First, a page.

6 Months Since Our Return to Pueblo – Where Are We Now?
On August 17, 2019, we officially reopened our Pueblo shelter! (Even though we had been performing limited services since June.) The community welcomed us back with open arms, and we are excited to report that, with your support, we have accomplished more than we ever thought possible. Scroll through the below blog to see improvements we’ve made, services we now offer, and numbers that reflect the work we have done to help the people and pets of Pueblo!
Adoptions and Pets Returned to Their Owners
Since our grand reopening six months ago, we have completed 1,213 adoptions and reunited 639 stray pets with their families, in addition to the 138 adoptions we completed and 414 pets we returned to their owners prior to our official reopening. Our customer service team works diligently to cross reference the stray animals in our shelter with missing pet posts on community pages, lost pet reports and more, to ensure pets can be reunited with their loving families who miss them!
It is our goal to place every healthy and safe animal who walks through our doors into a loving home, and help them stay there. That’s why all cats and dogs who are adopted from our shelter are medically rehabilitated (if needed), spayed/neutered, vaccinated, licensed (if applicable) and microchipped. That way, they remain healthy and free of preventable diseases like rabies, they don’t produce unwanted litters that wind up in a shelter, and they can quickly be returned home if they get lost!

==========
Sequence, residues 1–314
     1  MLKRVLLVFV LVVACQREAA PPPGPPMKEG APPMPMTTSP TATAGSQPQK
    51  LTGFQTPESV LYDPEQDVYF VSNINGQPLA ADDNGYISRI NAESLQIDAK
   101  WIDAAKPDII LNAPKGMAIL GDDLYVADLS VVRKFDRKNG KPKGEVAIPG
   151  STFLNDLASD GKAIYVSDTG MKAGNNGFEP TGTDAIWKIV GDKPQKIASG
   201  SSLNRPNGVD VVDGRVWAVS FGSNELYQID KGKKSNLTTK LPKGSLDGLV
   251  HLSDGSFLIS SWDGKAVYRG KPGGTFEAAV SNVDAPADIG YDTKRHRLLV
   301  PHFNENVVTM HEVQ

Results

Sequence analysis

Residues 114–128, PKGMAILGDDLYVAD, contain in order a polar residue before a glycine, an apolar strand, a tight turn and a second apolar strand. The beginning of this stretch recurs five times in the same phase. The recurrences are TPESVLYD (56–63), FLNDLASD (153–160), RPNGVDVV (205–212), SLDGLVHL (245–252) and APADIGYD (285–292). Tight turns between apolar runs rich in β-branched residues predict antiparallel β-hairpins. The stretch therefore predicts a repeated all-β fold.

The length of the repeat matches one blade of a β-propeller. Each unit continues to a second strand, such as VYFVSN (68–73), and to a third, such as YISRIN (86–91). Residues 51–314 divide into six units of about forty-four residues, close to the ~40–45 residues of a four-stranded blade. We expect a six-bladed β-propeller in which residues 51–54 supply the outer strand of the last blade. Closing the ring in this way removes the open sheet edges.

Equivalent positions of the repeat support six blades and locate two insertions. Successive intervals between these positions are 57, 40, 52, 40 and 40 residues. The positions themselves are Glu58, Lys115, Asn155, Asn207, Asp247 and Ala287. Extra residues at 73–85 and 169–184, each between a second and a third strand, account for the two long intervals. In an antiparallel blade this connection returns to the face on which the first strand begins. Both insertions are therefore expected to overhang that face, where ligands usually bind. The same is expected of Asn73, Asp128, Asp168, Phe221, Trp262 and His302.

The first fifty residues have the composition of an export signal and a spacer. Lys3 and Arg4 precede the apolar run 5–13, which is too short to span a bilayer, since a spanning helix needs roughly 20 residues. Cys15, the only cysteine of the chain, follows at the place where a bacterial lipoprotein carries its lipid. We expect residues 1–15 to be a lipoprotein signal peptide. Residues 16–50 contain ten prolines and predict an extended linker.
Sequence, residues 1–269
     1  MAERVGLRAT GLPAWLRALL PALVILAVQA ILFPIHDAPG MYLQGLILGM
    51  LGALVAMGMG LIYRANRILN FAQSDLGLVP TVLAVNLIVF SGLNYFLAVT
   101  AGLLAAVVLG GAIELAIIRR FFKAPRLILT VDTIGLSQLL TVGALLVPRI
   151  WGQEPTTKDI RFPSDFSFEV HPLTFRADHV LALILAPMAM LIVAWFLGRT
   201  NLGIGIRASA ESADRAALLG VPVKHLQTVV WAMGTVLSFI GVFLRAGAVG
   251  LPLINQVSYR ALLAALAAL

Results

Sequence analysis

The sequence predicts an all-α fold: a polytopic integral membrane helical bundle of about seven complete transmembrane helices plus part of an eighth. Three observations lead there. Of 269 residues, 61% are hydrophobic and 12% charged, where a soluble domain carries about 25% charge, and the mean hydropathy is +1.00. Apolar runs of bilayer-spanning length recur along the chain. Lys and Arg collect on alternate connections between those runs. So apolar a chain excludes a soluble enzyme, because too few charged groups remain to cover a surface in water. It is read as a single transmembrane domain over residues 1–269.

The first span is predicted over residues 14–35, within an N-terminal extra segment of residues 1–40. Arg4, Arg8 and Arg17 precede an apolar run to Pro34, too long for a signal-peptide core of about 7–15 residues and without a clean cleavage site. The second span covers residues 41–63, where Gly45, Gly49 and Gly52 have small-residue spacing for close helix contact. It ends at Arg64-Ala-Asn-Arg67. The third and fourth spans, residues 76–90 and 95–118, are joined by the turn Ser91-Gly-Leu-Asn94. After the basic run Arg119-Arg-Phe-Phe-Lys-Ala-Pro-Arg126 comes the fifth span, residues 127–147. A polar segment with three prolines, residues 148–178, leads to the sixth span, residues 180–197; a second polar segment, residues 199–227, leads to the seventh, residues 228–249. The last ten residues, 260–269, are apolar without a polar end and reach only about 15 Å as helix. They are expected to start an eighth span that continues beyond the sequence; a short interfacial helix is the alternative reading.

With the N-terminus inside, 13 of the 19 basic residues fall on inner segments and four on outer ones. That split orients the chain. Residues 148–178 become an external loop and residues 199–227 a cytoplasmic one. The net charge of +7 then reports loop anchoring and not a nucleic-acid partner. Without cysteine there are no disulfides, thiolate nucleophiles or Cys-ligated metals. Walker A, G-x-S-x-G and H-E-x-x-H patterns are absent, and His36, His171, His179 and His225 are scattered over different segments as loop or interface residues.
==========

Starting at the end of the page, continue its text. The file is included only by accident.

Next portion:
Transparency has always been a priority at HSPPR, and since being reinstated in Pueblo, HSPPR has worked harder than ever to increase transparency and forge better relationships community support (?) because we believe we’re #BetterTogether. We have a community liaison committee that meets with community and government officials no less than 10 times per year, to provide updates on our Animal Law Enforcement initiatives, animal shelter work, and the contracts we have with the city and county. The purpose of this is to showcase the impact of HSPPR Pueblo’s contractual services and to provide and seek council on community animal welfare issues. We want to serve the Pueblo community in the best way possible, and we believe the way to do this is through working with our community allies to drive change.
In addition, HSPPR Pueblo is hosting town halls two times per year, where Pueblo residents can learn more about how we work to provide the best possible outcome for every pet in our care and the people we serve. This town hall is moderated, and attendees have the opportunity to ask questions on animal welfare topics that concern or interest them most.
HSPPR Pueblo also hired a Community Relations Specialist who works every day to tell the stories of the animals and people of Pueblo. Whether it is through media interviews, Pet of the Week segments with local news outlets, Facebook stories and/or donation drives, the Community Relations Specialist works to inform the community of all the work we are doing in Pueblo, the resources available to the pets and people of Pueblo, and how, with the support of the community, we can save more homeless animal lives than ever before.
Behavior Modification Program
Upon the reopening of the HSPPR Pueblo shelter, we also hired a Behavior Programs Manager, Miguel, who has worked to implement a behavior modification program. As a result, dogs who previously would not have been adoption candidates are getting the training they need to find safe, loving homes. Buffy is just one example of the 30+ dogs who have gone through this program since its foundation in September 2019 and gotten adopted! You can read more about her story here.